Paul on Marriage

Paul on Marriage


Gary DeVaney

I Corinthians 7 Paul said: It is a good thing for a man not to touch a woman. Because of immorality, every man should have his own wife and every woman her own husband. They should fulfill their duties towards each other. Neither have authority over their own bodies, the other does. Don’t deprive each other except for prayer then come back to each other so Satan doesn’t tempt you through lack of self-control. I wish everyone to be as I am, but each has a gift from God. For the single, it is better to stay single as I do. If you don’t have self-control, you should marry. It is better to marry than to be on fire. If you’re married, you should not separate nor divorce. If your spouse is an unbeliever, don’t divorce him or her for he or she becomes holy through you. (How?) By being together, your children will be holy. If the unbeliever separates, let him or her. You are not bound in such cases. (Really?) Live as God has assigned you. Are you bound to a wife? Then, do not seek separation. Are you free for a wife? Then do not look for a wife. (What?) If you marry, you do not sin, but you will experience affliction in your earthly life. I would like to spare you from that. Let those having wives act as not having them (Whoa!).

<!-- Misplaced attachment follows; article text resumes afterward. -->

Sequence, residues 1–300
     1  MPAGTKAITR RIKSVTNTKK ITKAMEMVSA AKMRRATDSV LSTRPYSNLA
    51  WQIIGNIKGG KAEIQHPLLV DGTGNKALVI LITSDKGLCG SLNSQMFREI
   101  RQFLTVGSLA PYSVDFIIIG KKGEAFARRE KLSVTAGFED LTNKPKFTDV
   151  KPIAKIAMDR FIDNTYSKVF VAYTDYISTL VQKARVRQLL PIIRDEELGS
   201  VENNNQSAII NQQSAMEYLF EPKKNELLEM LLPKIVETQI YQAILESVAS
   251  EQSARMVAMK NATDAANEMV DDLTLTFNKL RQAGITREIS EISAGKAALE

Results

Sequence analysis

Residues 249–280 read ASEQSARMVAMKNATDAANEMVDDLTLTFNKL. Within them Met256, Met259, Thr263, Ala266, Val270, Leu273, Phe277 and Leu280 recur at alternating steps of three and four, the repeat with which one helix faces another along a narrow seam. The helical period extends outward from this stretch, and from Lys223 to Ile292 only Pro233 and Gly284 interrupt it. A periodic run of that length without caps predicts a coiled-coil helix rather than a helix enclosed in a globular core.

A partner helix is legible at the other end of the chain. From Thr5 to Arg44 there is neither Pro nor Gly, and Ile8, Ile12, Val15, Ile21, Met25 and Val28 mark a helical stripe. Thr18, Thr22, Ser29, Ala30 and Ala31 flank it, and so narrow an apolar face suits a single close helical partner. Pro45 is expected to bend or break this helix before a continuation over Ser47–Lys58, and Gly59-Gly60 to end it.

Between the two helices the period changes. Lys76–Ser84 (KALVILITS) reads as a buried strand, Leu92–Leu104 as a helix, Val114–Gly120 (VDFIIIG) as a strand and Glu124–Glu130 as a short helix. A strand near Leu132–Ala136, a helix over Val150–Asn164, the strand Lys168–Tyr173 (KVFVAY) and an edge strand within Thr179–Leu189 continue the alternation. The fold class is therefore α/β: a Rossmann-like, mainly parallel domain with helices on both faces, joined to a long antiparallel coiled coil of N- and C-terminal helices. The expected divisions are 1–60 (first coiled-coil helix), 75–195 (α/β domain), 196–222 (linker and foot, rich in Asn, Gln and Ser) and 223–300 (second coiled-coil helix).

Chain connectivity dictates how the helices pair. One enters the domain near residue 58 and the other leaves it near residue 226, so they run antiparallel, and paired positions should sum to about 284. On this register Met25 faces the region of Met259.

I’d like to see you free of anxieties. Unmarried men and virgin women are anxious about how to please God. Married men and women are anxious about how to please each other; taking away and distracting from God. If one thinks he is behaving improperly toward his virgin, and if a critical moment has come and so it has to be, let him do as he wishes. He commits no sin. Catholic

G: What? Isn’t Paul promoting rape, out of wedlock sex and teen pregnancy?

P: Let them get married. The one who marries his virgin does well. The one who does not marry her will do better.

The Marriage of the Virgin?

G: Paul is not hot on marriage, is he? Doesn’t she, the lady, have any say in the matter?